I think the straw man proposal was a good one based on a good analysis, but I never thought such a change would be made without proper Ubuntu governance.
So everyone but developers would use the LTS?
That is not how I envisioned it. I think that whoever uses LTS today would continue to use the LTS if they want. Whoever uses Interim releases would use the non-LTS version. Many people who use the non-LTS release do so because they like getting fresh software with new capabilities, but they won't tolerate their system breaking signficantly. So, non-LTS for tech enthusiests and developers only seems to be setting the bar for our daily quality too low. We should shoot for consumer-grade quality every day. I don't think we'll start out with that, though. But meanwhile, the interim releases are both a crutch (with their freeze periods) and take resources and focus that could be channelled into daily quality on the Ubuntu of the future. At some point we need to make the leap.
This is a big shift in mindset that we only just started down. The product that we are building is the same product that users are using. But note that other software projects do this. Some are small, some are big. Some are on the web, and some are operating systems. If they can do it, so can we.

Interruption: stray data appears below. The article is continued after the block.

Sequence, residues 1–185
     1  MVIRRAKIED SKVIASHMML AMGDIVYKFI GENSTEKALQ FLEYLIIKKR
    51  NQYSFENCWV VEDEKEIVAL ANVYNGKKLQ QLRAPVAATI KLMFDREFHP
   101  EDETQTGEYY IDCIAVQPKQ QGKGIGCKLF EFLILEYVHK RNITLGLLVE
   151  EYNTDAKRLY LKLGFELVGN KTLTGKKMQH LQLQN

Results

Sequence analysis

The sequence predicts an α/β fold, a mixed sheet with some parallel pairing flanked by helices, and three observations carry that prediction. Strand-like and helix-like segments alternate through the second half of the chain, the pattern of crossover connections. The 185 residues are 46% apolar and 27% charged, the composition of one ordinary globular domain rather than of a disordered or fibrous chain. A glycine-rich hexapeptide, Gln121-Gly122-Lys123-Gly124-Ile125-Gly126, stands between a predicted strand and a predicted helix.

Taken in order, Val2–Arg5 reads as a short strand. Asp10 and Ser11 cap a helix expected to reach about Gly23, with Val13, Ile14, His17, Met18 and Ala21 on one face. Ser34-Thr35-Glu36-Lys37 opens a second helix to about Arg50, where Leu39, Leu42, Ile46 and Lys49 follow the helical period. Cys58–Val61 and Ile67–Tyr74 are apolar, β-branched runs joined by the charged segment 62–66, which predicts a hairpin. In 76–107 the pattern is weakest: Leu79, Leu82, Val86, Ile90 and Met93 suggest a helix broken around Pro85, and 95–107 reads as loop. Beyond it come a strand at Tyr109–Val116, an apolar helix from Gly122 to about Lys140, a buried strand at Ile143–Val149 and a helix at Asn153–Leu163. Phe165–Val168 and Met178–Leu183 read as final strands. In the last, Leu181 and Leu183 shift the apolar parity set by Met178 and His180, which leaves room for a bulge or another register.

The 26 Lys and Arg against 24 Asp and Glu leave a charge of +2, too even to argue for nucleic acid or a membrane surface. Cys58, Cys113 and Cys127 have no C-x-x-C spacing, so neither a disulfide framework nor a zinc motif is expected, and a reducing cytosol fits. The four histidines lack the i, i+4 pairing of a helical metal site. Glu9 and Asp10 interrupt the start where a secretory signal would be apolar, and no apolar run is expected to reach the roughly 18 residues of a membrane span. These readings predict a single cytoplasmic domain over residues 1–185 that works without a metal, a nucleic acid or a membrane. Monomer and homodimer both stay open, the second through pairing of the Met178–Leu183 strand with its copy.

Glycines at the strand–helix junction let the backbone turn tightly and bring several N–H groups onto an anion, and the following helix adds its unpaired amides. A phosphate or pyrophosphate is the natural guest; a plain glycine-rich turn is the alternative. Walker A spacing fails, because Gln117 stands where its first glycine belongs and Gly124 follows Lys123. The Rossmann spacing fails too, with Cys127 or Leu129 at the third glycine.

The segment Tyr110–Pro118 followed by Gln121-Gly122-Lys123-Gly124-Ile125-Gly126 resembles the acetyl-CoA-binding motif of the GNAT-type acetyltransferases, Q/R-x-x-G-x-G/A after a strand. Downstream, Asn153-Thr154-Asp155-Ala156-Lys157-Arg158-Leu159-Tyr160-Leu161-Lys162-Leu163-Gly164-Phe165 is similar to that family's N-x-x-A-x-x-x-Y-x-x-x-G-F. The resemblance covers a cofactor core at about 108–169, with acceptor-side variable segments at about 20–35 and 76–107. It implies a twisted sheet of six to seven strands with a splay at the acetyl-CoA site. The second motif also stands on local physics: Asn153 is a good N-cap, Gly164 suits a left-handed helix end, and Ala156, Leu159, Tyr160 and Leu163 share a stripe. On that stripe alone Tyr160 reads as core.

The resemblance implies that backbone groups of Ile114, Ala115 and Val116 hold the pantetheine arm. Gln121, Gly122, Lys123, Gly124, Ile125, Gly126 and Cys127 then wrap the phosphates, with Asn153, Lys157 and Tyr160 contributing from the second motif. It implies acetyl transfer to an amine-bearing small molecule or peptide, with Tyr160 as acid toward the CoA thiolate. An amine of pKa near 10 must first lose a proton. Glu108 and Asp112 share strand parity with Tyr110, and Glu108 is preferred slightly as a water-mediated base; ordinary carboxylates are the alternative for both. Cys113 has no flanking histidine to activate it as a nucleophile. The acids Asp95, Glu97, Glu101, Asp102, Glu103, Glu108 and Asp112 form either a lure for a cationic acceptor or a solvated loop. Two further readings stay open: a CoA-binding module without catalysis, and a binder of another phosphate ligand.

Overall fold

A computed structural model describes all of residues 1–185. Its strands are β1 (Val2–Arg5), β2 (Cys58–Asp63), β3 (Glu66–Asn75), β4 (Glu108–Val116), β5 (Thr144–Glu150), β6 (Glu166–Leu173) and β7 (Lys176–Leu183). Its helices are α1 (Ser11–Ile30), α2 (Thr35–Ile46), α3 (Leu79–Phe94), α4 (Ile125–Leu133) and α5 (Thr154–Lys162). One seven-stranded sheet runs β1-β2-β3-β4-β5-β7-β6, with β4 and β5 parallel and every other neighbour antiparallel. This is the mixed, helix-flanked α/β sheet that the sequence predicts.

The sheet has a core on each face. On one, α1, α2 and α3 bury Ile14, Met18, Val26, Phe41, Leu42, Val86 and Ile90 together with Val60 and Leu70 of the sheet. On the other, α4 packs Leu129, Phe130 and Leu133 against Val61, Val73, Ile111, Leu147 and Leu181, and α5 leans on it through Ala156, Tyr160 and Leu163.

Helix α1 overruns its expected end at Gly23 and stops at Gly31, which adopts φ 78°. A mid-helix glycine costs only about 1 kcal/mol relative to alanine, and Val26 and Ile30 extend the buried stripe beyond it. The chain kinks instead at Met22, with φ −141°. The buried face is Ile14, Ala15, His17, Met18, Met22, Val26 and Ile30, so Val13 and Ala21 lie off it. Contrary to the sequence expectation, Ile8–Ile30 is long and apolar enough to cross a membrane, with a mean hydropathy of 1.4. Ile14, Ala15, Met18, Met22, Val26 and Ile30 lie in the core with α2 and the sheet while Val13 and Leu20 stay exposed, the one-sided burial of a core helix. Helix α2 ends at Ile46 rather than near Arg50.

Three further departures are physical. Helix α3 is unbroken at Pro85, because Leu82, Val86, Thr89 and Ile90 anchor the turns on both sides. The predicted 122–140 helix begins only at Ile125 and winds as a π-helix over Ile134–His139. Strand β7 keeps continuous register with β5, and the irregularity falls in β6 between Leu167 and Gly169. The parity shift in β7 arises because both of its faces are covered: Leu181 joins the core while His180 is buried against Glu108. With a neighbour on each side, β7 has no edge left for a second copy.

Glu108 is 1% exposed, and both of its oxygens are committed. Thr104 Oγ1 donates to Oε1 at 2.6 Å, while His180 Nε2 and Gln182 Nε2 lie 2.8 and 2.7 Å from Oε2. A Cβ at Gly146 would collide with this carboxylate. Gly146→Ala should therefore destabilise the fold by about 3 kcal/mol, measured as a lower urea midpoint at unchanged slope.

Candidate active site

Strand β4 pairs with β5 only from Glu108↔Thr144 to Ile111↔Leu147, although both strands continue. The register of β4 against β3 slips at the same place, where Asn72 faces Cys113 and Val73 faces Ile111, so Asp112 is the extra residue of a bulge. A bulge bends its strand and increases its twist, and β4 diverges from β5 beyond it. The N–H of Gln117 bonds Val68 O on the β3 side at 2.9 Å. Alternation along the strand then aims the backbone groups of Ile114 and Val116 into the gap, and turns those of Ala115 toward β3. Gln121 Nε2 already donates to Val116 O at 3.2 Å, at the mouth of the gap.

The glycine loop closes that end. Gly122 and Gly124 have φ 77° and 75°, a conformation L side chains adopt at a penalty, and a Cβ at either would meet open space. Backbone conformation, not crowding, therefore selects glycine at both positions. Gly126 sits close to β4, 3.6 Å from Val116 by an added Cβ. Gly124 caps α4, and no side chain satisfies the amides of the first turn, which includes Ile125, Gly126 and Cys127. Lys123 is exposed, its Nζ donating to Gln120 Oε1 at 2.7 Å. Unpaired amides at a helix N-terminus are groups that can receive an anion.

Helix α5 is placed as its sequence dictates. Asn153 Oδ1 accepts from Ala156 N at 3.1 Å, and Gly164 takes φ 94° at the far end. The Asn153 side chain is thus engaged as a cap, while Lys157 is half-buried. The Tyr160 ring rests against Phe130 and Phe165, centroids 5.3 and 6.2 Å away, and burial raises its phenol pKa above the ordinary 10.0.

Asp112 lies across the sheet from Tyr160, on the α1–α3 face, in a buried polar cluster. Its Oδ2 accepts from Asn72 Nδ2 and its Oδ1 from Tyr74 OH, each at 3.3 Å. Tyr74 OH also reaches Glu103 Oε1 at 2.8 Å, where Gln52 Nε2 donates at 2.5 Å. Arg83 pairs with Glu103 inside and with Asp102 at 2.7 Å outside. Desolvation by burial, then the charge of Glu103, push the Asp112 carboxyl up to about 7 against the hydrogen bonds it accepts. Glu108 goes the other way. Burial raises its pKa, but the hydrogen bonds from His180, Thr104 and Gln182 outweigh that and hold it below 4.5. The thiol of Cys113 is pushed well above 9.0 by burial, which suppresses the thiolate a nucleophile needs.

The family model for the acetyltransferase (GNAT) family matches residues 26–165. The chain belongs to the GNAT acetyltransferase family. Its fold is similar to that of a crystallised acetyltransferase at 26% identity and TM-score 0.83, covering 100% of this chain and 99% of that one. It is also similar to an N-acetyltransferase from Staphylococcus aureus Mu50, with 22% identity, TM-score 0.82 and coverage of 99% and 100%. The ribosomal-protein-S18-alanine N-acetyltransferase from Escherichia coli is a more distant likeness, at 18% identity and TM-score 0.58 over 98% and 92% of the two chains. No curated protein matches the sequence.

Isn't this proposal just a proposal to go a 2 year cadence?
- I think this perspective makes sense if we think that we cannot deliver enough quality between the LTS to make Ubuntu generally useful for people who use the Interim releases today. Otherwise, we will have monthly cadence for planning, and some users will use that cadence for updates. We will have a daily cadence for quality, though.
Isn't changing our release heuristics incredibly risky? Won't we shed users?
- Risk aversion is a personal thing. The risk I am worried about is that don't effectively shift our focus to creating a Converged OS and someone else will get there first. I think we should be marshalling all of our forces to gain that high ground, and shouldn't risk losing it because we aren't prepared to change the way we do things.
What about flavors?